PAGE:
Kenai says no to comprehensive plan

Kenai voters repealed the city’s controversial comprehensive plan in Tuesday’s municipal election.


“No more Lowe’s. No more Walmarts. No more businesses that will leave within two or three years and leave big, empty buildings,” Kenai resident Natalie Kohler said.

She and Jodi Stuart voted to repeal the plan. Both Kenai residents said the plan promotes development unfit for the city.

Tuesday, other Kenai residents voted down Kenai Proposition No. 1, which asked voters to repeal or keep the city’s recently completed comprehensive plan. Mark Schrag, who ran for a Kenai council seat and lost, filed the referendum. Voters elected to repeal the plan by a 580 to 221 margin.

The other three propositions address old charter code. Residents voted “yes” on Porpositions Nos. 2, 3 and 4.

Schrag said he filed the referendum to repeal the comprehensive plan for many reasons. The plan promotes developmental “sprawl.” It disregards the development of a city center. It ignores resident and business interests. Its public process was flawed, he said.

“I’ve been working two campaigns,” he said, “and I really feel Prop 1 is the important one.”

He is excited voters denied the plan. Though he lost his council campaign, he won his campaign to repeal the plan, he said.

Kohler said the plan needed to address all the city’s vacant buildings, like the Carrs Mall and the blue, broken-glass building across from the Regal Kambe, not seek to develop new ones. A good plan would target those for remodeling or destruction, she said.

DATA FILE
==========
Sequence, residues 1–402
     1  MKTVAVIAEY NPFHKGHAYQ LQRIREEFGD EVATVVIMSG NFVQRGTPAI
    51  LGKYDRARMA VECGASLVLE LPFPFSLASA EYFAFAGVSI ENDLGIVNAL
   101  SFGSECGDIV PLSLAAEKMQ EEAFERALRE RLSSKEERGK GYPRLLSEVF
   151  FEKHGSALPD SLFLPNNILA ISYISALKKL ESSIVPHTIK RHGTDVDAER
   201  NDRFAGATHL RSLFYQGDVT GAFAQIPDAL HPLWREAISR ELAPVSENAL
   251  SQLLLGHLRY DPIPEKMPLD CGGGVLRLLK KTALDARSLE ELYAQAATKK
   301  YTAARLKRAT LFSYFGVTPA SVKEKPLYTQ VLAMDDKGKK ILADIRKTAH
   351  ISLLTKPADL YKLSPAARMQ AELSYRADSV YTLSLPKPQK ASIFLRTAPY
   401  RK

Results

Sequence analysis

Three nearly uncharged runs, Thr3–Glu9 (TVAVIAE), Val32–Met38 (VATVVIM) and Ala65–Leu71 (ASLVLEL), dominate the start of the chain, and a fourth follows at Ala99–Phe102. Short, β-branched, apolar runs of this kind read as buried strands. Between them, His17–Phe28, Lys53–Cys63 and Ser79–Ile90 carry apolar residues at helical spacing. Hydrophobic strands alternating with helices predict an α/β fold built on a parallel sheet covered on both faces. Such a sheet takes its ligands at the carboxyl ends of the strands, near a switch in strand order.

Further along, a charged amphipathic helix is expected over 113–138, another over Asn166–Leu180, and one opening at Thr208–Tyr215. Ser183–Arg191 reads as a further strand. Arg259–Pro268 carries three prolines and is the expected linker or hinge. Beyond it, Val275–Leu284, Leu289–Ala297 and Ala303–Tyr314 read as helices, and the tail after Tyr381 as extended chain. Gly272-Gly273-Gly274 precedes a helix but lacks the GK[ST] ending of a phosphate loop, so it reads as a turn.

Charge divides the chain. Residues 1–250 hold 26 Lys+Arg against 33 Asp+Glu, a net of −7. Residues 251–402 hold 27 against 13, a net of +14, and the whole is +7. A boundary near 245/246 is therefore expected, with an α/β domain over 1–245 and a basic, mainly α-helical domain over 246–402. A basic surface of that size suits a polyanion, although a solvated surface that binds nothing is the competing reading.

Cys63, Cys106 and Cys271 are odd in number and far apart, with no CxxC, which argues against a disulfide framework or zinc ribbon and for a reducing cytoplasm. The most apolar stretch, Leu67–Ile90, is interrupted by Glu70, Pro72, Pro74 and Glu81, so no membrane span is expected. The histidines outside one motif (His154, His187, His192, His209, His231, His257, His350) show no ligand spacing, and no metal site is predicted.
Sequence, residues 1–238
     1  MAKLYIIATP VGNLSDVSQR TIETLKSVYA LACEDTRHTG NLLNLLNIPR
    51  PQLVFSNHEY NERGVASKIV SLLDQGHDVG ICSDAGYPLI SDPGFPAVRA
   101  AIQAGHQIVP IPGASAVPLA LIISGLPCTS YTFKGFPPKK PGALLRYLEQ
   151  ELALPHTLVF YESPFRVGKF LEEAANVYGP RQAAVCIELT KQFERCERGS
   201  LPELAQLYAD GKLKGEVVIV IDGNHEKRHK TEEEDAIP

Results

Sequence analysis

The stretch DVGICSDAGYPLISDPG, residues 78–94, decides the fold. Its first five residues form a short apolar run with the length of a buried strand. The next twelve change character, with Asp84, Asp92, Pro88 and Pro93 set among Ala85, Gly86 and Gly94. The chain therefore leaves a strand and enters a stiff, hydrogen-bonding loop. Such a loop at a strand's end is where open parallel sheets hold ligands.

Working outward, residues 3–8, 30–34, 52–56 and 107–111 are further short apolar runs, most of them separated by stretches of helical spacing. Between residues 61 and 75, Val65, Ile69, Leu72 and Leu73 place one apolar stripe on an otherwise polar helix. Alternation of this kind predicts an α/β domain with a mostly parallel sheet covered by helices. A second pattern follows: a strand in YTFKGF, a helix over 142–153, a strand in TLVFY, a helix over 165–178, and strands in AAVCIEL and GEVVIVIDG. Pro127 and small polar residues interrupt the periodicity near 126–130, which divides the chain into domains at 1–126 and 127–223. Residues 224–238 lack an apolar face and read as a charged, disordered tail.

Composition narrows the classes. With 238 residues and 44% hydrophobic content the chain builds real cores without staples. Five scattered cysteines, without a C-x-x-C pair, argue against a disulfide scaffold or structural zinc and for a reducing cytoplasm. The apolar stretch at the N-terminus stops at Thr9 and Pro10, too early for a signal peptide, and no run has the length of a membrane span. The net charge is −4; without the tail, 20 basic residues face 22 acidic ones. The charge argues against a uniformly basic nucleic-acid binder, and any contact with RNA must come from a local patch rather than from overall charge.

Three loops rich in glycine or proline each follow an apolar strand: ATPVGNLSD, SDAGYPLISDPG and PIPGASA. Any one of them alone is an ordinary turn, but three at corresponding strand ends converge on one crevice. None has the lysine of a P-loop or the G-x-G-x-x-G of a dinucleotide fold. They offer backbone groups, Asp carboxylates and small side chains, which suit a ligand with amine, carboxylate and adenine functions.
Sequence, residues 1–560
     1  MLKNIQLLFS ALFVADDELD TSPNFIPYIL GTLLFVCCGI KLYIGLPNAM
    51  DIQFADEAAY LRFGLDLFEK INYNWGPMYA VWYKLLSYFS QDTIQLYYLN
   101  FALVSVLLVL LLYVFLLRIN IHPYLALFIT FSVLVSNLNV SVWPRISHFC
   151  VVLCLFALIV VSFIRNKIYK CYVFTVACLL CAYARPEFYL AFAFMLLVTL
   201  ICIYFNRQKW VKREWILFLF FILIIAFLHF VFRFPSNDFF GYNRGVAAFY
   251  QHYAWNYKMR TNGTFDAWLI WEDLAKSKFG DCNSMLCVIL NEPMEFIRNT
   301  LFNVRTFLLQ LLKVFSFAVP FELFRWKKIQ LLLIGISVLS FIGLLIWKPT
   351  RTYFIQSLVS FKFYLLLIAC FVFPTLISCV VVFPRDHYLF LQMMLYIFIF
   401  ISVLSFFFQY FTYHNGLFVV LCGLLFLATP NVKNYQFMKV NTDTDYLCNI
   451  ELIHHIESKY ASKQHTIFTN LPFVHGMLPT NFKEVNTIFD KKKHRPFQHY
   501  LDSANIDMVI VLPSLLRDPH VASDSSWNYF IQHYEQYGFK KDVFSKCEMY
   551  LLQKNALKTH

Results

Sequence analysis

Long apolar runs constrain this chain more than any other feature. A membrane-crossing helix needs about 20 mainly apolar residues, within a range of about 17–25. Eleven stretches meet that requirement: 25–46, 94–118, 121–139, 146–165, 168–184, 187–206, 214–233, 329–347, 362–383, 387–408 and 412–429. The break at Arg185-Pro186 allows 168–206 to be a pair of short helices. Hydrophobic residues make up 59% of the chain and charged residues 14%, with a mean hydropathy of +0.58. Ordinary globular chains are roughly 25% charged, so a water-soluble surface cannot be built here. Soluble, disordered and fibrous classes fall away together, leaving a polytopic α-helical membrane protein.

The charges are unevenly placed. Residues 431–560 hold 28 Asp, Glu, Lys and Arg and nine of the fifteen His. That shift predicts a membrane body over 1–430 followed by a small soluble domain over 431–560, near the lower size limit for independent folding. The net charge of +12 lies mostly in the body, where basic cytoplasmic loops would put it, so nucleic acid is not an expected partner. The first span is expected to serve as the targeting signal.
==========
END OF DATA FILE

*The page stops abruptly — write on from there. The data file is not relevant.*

Stuart said the zoning proposed in the plan promoted “sprawl.” And it was not a first; the history of the issue is evident in zoning past plans have approved, she said.

Supporters of the plan say it promoted centralizing development and establishing a city center — but few politicians even agree where the city center is.

“They say one thing but their plan says another,” she said.

Kohler wants the city to go back to square one and rework the plan. The proposed plan’s values did not align with hers, she said.

Henry Knackstedt, Planning and Zoning Commission vice chair, said more than $100,000 and hundreds of hours had been spent developing the plan. Planning and Zoning Commission Chair Jeff Twait said the plan was ready for approval.

Now repealed, Knackstedt said the voters threw out all that work.


Dan Schwartz can be reached at